Taking a close look at the issue of the arts and school reform, this book explores in detail how the incorporation of the arts into the identity of a school can be key to its resilience. Based on the A+ School Program, an arts-based school reform effort, it is much more than a report of a single case - this landmark study is a comprehensive, longitudinal analysis of arts in education initiatives that discusses the political, fiscal, and curricular implications inherent in taking the arts seriously.
Offering a model for implementation as well as evaluation that can be widely adapted in other schools and school districts, this book will inspire arts educators to move from advocating more arts to advocating the arts as a way to reform schools. Administrators and policy makers will see how curriculum integration can be used to revitalize and energize schools and serve as a springboard to wider reform initiatives. Researchers and students across the fields of arts education, school reform, organizational change, and foundations of education will be informed and enlightened by this real-world scenario of large-scale school reform.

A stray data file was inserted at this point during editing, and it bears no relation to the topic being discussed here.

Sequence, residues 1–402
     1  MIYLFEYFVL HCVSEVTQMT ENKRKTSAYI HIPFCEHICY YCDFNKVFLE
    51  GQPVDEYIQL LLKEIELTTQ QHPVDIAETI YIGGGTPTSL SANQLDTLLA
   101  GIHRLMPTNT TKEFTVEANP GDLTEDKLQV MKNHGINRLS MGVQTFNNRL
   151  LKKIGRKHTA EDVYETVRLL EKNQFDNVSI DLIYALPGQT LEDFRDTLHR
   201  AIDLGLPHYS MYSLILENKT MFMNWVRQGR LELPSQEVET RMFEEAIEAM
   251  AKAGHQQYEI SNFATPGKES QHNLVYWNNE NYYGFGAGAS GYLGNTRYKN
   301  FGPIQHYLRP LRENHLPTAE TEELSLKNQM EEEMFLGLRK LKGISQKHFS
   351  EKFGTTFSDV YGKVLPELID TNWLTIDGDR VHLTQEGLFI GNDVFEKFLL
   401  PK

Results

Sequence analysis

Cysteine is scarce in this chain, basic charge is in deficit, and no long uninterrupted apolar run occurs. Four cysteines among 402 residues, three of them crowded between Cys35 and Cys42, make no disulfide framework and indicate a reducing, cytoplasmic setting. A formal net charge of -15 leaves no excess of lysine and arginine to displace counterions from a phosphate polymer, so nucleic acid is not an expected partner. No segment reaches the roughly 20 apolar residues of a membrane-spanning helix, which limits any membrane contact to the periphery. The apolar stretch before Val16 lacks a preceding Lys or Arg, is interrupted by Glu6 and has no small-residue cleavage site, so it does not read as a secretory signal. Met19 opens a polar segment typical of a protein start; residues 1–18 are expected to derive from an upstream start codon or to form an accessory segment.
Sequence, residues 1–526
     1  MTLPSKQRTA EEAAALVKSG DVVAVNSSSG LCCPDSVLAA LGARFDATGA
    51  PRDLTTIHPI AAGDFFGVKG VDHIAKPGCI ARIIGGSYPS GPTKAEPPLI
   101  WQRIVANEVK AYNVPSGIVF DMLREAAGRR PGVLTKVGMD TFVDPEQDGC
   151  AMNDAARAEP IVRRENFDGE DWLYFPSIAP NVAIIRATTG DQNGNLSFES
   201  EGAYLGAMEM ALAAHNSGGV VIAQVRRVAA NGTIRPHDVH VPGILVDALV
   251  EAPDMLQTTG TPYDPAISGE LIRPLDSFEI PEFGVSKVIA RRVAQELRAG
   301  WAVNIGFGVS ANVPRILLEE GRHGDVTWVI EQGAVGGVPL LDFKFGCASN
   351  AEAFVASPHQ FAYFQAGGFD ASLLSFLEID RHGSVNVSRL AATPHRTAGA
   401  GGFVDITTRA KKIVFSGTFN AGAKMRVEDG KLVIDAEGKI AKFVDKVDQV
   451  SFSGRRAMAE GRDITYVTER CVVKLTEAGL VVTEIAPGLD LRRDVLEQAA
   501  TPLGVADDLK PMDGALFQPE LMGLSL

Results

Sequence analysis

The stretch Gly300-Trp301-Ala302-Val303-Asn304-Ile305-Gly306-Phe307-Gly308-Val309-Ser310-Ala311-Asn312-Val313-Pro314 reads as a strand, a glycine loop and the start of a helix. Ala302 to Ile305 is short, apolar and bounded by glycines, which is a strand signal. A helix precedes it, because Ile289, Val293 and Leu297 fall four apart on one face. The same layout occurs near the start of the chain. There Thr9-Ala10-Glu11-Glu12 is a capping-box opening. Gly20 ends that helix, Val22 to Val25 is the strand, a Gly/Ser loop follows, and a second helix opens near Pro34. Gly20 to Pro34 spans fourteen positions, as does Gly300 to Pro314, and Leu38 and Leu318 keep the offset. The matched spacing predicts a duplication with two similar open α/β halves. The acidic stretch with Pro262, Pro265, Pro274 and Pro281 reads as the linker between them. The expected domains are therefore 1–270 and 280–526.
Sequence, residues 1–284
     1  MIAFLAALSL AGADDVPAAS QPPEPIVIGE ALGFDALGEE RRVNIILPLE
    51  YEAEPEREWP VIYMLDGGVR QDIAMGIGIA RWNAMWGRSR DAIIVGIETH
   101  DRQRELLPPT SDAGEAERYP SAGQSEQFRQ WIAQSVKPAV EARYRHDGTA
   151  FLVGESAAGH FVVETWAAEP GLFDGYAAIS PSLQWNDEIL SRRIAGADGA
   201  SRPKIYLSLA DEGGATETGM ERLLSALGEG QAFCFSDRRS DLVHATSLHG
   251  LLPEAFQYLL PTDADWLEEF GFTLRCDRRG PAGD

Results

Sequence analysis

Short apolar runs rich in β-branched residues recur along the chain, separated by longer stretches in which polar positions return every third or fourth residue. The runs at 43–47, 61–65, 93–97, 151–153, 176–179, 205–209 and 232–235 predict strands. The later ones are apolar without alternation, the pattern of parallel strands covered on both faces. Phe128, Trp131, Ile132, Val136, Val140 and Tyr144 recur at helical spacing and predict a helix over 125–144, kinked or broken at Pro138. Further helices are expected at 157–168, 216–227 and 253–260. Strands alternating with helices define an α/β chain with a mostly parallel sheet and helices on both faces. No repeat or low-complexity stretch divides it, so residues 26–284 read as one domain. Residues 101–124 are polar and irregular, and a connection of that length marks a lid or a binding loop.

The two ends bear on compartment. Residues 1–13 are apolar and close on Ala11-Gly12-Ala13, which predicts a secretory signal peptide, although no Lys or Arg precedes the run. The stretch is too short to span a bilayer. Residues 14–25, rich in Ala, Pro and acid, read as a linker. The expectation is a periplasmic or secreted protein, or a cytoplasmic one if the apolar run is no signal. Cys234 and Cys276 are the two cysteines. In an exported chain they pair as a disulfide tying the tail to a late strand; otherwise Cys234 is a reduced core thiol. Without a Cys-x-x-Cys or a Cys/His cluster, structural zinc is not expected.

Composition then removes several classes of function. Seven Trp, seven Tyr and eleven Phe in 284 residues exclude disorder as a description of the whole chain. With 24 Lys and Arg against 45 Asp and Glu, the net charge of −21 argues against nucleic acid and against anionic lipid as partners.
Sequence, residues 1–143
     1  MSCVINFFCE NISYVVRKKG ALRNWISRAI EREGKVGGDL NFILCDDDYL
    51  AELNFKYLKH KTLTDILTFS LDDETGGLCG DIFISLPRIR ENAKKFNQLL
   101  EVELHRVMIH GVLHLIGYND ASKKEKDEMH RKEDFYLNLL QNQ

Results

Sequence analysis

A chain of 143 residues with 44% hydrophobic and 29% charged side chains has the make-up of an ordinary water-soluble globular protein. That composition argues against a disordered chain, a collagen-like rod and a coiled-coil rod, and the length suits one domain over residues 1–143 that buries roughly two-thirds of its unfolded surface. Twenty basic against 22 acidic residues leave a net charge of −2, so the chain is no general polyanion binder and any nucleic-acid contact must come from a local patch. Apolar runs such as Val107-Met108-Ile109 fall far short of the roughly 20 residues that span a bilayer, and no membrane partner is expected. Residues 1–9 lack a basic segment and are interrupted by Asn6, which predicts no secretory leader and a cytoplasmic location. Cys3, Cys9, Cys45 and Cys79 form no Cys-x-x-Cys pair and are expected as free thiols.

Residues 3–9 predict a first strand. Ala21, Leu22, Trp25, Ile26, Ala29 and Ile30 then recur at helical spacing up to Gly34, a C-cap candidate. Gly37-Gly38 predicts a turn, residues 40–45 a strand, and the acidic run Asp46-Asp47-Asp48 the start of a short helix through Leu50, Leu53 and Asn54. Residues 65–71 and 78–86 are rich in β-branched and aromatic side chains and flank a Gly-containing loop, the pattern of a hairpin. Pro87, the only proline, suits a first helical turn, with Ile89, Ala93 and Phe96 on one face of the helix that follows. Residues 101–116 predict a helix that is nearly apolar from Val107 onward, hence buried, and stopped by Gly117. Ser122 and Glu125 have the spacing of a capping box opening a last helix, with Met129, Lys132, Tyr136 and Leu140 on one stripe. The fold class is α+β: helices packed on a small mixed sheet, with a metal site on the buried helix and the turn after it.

Table of Contents
About the Authors
An Unusual Development
Arts in Education: From Threatened Curriculum to a Way to Reform Schools
Turning the Vision into Reality
Reform Persistence in A+ Schools
School Identity and Arts Integration
Sustaining Arts-based School Reform
Sustaining Change: The Difference the Arts Make in Schools
Creative and Lasting School Reform: Lessons from the Arts
George W. Noblit is the Joseph R. Neikirk Distinguished Professor of Sociology of Education and Chair of Culture, Curriculum and Change in the School of Education at the University of North Carolina at Chapel Hill.
H. Dickson Corbett is an Independent Educational Researcher conducting evaluations of school reform initiatives.
Bruce L. Wilson is an Independent Educational Researcher engaged in longitudinal research and evaluation projects focused on improving teaching and learning conditions in schools with populations of high poverty.
Monica B. McKinney is Associate Professor, School of Education, Meredith College.